Ever since I caught up on the irreverent romantic comedy anime, Kaguya Sama: Love Is War, I’ve been hellbent on finding a lovey-dovey anime to fill the heart-shaped hole it’s left on my watchlist. Just when I was beginning to lose hope that I’d ever find a romantic show, in came Tomo-Chan Is a Girl. After watching its first two episodes, I wager Tomo-Chan Is a Girl! is an early contender for romance anime of the year because it doesn’t rely on convoluted harem plotlines, instead choosing to explore how antiquated gender norms get in the way of love.
Tomo-Chan Is a Girl, created by mangaka Fumita Yanagida, follows the romantic misadventures of a tomboy named Tomo Aizawa as she attempts to get her childhood friend, Jun Kubota, to recognise her feminine side and stop treating her like one of the guys. I watched the first two episodes of Tomo-Chan via a screener, and it’s scheduled to premiere today on Crunchyroll in both Japanese with subtitles and in English.
After watching flashbacks in Tomo-Chan’s first episode, I can’t blame our titular heroine for catching feelings for her bestie considering how inseparable they were since middle school. Outside of their shared interest in martial arts deepening their bond, the boy would wait outside of Tomo’s house every morning to walk to school. That’s some certified loverboy behaviour that would make anyone’s heart flutter. But when Tomo finally musters up the courage to explicitly confess her love to Jun, she’s promptly flung into the friend zone.
Turns out, Jun’s rejection of Tomo’s feelings wasn’t because he didn’t feel the same way but because he sees her as one of the boys. When they were in middle school, Jun didn’t even know Tomo was a girl because of how well she blended in with the other schoolboys. Instead of having flowing long locks like her classmates, Tomo sported a short mullet hairstyle. Whenever they’d talk, Tomo’s diction was just as gruff and casual as the rest of the muddy boys in the sandbox. While this comedy of errors provides a good balance to the two’s slow-burn romance, the show never lets its jokes overshadow the pain Tomo feels when she tries to act more girly to impress Jun. Tomo doesn’t suffer alone, either. Jun gets flustered whenever he notices that Tomo is a lovestruck girl who’s dying to have her feelings reciprocated. Tomo and Jun’s love story is something I’ve been dying to experience from modern romantic comedies: a simple yet relatable romantic storyline where its characters aren’t caricatures of tired harem anime tropes.
Harem anime centre on a protagonist, typically a dude, who is either pursuing, avoiding, or oblivious to the romantic feelings that three or more female characters with one defining personality trait have for him. If you’ve seen one of them, you’ve seen ‘em all.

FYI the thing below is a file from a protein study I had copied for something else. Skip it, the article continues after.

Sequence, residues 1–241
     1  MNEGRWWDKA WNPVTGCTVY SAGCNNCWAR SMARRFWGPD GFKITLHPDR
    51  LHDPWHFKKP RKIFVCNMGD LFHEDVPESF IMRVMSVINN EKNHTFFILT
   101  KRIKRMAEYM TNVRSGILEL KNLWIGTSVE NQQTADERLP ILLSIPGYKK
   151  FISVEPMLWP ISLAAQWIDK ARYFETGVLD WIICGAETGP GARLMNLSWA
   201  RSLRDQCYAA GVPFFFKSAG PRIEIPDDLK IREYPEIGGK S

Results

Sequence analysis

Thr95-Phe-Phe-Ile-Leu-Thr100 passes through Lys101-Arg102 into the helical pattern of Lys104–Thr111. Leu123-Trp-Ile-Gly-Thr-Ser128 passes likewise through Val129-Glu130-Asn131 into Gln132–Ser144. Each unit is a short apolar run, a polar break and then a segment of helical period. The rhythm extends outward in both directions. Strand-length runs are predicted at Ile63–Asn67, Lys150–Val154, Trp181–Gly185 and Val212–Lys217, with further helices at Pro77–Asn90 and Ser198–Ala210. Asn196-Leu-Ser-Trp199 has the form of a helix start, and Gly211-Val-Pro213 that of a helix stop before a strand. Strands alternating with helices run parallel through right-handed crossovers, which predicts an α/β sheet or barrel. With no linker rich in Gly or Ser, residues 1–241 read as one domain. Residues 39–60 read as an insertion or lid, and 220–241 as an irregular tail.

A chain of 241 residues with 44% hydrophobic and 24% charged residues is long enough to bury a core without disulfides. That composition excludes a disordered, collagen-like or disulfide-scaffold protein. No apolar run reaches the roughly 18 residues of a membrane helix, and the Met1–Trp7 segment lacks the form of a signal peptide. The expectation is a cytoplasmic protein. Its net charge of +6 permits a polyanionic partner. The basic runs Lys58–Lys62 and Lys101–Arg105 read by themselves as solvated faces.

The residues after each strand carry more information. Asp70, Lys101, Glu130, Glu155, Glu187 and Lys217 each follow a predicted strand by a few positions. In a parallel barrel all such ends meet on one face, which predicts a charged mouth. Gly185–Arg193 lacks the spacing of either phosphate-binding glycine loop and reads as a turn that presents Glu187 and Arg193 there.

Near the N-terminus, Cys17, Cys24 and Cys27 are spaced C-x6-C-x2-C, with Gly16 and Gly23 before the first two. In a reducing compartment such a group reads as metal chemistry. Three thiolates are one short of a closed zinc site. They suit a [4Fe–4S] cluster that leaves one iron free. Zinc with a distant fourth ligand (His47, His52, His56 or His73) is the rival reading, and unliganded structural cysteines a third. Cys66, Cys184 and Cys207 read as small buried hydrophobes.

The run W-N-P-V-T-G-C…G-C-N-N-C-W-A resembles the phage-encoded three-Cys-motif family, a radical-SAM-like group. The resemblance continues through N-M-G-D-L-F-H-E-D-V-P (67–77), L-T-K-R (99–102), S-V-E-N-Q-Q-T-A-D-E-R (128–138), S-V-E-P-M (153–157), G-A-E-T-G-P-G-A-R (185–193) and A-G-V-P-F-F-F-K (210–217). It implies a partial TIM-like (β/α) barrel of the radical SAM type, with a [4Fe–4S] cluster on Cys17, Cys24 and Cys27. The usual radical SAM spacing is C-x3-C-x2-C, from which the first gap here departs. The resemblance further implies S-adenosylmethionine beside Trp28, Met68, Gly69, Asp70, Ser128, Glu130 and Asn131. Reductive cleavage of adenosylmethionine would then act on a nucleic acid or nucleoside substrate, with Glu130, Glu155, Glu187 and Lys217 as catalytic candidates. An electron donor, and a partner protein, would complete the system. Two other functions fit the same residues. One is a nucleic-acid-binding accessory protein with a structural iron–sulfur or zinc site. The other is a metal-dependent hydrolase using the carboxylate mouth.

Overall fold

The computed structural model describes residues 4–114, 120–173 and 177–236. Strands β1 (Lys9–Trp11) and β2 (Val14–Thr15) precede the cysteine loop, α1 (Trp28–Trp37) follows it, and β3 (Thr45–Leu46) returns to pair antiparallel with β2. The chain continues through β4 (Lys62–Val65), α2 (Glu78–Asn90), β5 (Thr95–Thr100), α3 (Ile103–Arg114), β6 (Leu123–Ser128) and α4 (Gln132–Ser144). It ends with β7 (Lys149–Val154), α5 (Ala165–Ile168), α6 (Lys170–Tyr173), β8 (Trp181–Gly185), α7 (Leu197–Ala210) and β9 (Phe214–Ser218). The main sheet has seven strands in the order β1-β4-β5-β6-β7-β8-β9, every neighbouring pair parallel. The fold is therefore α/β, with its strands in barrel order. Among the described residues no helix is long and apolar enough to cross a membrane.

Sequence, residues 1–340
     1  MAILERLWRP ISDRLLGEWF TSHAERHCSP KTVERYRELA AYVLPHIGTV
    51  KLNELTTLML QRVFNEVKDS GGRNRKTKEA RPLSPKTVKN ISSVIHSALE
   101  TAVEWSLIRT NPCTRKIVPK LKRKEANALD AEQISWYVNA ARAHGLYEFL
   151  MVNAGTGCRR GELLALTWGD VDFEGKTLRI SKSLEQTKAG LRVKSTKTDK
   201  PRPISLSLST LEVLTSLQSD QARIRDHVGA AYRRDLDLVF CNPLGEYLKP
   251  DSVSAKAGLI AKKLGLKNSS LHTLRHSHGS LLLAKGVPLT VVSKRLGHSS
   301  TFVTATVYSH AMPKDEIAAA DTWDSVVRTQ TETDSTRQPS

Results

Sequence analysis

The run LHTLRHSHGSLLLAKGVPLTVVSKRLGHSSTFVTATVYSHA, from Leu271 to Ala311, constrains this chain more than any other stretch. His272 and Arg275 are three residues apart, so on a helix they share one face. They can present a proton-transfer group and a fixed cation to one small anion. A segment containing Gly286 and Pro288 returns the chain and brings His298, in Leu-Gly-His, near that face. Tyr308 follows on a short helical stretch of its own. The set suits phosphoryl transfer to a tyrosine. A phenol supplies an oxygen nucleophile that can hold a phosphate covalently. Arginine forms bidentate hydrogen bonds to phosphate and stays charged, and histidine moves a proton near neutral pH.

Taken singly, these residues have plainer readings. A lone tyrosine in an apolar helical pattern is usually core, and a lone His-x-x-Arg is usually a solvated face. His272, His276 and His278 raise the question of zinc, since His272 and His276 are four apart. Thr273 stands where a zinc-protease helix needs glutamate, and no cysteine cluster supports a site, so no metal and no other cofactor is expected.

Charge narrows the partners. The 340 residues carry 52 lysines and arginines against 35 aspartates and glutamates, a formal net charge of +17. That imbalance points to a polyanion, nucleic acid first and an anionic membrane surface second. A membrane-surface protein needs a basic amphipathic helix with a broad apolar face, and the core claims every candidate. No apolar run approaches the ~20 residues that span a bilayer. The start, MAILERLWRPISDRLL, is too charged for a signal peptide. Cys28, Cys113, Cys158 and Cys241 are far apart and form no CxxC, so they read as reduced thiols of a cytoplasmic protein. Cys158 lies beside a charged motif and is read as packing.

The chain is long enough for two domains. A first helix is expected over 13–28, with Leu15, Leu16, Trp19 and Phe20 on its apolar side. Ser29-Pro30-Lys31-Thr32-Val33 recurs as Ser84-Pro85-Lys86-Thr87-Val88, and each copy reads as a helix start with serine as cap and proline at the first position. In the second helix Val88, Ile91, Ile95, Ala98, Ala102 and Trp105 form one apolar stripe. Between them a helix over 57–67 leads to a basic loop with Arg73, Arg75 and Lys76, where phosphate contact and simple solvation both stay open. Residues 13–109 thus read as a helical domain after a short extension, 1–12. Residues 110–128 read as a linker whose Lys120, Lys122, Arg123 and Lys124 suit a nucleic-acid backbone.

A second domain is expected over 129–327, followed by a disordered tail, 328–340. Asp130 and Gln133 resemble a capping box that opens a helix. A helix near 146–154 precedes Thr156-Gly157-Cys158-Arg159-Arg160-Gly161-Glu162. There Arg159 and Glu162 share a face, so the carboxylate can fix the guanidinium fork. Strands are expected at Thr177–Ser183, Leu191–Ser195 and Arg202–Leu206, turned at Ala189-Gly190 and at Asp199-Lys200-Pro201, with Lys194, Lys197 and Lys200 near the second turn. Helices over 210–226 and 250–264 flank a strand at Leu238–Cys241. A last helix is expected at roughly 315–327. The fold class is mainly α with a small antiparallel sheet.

A common thread among popular modern romantic comedies like Quintessential Quintuplets, Couple of Cuckoos, and Rent-A-Girlfriend is that they all have wacky premises that rely on shock and awe, similar to what you’d expect out of reality TV. While this type of car crash-like drama anime tends to land trashy harem anime in the “so bad it’s good” category, I never feel fulfilled when I finish them. If anything, the countless hours I spent watching these shows weren’t out of a genuine interest in their romantic storylines, and more like a thoughtless routine because I need something to watch.
After a while, watching these kinds of rom-com anime felt hollow, as if they were empty calories from a bunch of impulse-purchased frosted sugar cookies. Somewhere in modern romcom’s attempt to entice audiences with wacky premises, the genre forgot how to write a tantalising story between two believable characters. In contrast to most modern rom-com anime, Tomo-chan’s love story is grounded on something painfully relatable: not being seen the way you want to by the person closest to you.
In “Only a Joke Can Save Us: A Theory of Comedy,” American author Todd McGowan wrote that comedy is when “we are surprised by a conjunction of lack and excess.” Because most popular romcom anime lean heavily on harem tropes, modern anime is often relegated to only exploring themes such as characters being in elaborate love triangles Tomo-chan, meanwhile, has substance that doesn’t require a complicated setup. By relying on a more straightforward premise, Tomo-Chan can dive more deeply into complicated subjects like rigid gender norms and how they affect romantic love. Better yet, Tomo-Chan accomplishes this thematic feat without punching down.
While I’m unsure how the rest of the show will pan out, one aspect of the show that assured me it wouldn’t become derivative was the genuine care and attentiveness of its supporting cast, particularly, Tomo’s steely-eyed female friend, Misuzu Gundou.
Typically an outside character in rom-com anime serves as a pseudo-villain to the romantic progress of its titular characters by placing them in uncomfortable situations to ruin their progress. While these characters are annoying to watch by how mean-spirited their romantic subterfuge affects its main characters, their antics tend to inversely strengthen the bonds between them. To my surprise, Misuzu’s plotting and teasing of Tomo never come from a place of spite, but from goodwill. Misuzu actually wants Jun and Tomo to come together. Misuzu, like the audience, sees through Jun and Tomo’s clumsiness and pinpoints their blossoming romantic attraction. Instead of rubbing it in their faces, Misuzu gently nudges them in the right direction without overstepping their boundaries whenever they misinterpret each other’s words or actions.
Tomo-Chan is a refreshing anime because its situational romantic humour never diminishes its exploration of how toxic masculinity plays an integral part in its main character’s growing romance. More anime should follow suit.
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